Category Physics For The Coffee Table

Physics for the Coffee Table – Quiz # 7 – Seven Winners!

Situation I had the privilege last week to address a large audience at the Royal Aeronautical Society at the Engineering School at Cambridge University in the UK.   (click here for more information). The next morning Dr Hugh Hunt (Department of Engineering) showed my son Alexander and I around the Trinity College and the Trinity Clock Tower. We […]


Put your thinking caps on again. The Physics for the Coffee Table (PFTCT) Quiz number Seven will be broadcast on Wednesday 4th December at: 7 am-  New York 4 am – Los Angeles noon – London 1 pm – Paris 8 pm – Singapore 11 pm – Sydney Good luck!

Bio-Mimicry of Shaking Dogs (version 2)

See also QF32 Biomimicry Richard Hammond’s Miracles Of Nature Biomimicry You don’t have to be a dog lover to be awe struck by this fantastic video of dogs shaking themselves dry.   Their seemingly simply movements generate up to 70 G accelerations that “centrifuge” the hair 70% dry in just a few seconds. Why is the […]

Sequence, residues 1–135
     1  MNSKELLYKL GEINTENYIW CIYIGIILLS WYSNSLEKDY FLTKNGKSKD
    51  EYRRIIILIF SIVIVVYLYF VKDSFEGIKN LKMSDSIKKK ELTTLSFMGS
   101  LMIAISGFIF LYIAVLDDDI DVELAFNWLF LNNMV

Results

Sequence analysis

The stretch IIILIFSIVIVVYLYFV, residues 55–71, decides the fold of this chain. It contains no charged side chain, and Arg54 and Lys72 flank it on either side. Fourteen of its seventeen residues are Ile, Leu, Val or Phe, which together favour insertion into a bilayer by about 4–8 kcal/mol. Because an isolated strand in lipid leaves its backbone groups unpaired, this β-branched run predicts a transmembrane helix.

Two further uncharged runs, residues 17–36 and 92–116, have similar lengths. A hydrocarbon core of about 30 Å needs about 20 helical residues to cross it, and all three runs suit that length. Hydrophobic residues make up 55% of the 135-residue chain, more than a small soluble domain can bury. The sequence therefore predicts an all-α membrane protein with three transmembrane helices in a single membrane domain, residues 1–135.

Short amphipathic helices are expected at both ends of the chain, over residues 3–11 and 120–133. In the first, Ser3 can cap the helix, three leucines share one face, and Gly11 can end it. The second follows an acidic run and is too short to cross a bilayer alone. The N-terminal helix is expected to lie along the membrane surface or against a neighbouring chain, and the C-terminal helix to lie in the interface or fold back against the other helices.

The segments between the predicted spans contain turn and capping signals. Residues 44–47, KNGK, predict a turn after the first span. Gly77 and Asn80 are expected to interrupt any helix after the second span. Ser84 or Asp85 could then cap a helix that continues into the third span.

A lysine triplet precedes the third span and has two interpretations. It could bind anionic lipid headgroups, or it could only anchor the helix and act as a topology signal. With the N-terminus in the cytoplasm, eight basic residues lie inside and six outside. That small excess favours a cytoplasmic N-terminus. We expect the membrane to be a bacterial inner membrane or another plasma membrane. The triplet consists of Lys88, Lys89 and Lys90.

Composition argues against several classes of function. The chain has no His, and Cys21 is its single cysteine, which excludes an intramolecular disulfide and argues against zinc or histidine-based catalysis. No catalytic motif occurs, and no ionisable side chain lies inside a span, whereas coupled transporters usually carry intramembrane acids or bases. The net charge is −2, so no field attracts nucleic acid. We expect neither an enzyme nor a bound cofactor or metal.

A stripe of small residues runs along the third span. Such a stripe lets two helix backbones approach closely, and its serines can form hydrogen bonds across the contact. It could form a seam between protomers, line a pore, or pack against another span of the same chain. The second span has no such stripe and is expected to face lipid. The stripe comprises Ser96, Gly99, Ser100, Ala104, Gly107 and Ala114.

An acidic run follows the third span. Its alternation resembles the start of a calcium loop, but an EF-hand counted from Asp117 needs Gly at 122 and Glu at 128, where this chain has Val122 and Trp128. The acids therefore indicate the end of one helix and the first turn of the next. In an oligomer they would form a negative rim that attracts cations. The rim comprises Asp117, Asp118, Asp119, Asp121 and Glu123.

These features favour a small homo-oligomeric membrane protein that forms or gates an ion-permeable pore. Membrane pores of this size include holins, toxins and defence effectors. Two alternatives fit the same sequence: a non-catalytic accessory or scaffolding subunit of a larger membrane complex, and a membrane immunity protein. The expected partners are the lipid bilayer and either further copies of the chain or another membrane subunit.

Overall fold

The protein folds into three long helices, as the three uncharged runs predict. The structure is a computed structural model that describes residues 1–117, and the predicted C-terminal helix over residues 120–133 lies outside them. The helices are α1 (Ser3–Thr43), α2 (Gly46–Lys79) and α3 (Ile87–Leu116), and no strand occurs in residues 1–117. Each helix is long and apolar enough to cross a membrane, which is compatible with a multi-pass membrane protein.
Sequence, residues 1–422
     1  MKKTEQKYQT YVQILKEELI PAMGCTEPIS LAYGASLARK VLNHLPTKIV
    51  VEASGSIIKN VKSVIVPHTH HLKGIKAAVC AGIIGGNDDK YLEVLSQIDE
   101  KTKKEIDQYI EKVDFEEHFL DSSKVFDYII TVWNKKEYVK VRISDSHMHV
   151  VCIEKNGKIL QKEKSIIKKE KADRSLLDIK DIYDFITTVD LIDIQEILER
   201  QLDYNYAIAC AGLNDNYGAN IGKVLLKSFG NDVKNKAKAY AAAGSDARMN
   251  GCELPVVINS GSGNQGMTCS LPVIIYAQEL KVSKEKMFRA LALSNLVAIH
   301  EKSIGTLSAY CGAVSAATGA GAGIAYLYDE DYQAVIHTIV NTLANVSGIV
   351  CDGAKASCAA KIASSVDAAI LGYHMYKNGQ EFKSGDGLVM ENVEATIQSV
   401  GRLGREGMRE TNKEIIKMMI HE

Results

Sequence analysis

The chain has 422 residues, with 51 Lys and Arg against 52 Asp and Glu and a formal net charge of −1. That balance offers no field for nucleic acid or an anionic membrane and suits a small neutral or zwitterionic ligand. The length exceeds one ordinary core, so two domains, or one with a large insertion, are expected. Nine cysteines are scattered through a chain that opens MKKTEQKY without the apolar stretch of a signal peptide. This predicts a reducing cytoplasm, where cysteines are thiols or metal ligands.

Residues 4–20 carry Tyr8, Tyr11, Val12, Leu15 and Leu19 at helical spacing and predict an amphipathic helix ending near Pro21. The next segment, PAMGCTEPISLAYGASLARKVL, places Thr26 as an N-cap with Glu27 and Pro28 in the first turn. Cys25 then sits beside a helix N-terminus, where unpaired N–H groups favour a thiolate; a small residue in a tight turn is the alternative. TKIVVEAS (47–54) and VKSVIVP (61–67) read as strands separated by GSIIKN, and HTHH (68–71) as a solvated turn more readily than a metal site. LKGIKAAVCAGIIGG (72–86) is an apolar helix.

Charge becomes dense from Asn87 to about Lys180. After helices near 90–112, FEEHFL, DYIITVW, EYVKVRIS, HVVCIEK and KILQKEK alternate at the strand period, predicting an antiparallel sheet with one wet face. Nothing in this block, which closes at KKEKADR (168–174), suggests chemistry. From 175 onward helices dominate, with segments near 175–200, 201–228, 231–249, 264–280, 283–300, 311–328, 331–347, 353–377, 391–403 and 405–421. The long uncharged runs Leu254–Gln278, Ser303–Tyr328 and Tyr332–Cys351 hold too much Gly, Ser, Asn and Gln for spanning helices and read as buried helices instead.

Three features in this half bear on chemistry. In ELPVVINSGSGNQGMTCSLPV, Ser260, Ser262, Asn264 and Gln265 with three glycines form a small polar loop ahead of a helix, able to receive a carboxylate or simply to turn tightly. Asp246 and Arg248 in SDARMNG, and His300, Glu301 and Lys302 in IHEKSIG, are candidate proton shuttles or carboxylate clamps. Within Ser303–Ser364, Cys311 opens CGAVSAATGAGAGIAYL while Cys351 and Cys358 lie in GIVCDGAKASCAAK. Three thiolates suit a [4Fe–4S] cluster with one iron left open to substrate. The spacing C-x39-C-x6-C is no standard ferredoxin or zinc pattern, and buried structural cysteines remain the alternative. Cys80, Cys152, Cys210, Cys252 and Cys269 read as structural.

BioMimicry, Red Kites & 101 Club

BioMimicry BioMimicry is the study by biologists, scientists and engineers of the mechanisms and strategies of the living world, with the aim to apply them to human machines. Predators must be tougher and faster than their prey, so creatures on top of the food chain such as raptors and sharks  show us where we can adapt […]

PFTCT – Quiz # 6 – No Winners This Week!

Question # 6 See also:   Physics for the Coffee Table (PFTCT) Situation A major city (population 5 million) is planning to build a new airport at a new location inside the city.  Two sites are proposed: one beside the ocean and one twenty kilometers  inland from the ocean. Consider the noise levels originating from aircraft […]

Physics for the Coffee Table

About Physics for the Coffee Table Richard wrote a book in the late 1980s called “Physics For the Coffee Table”  (PFTCT). The book (or series of books) consisted of many seemingly basic questions about day to day events that had counter-intuitive answers. The book was inspired by a remarkable physicist by the name of Professor Julius Sumner […]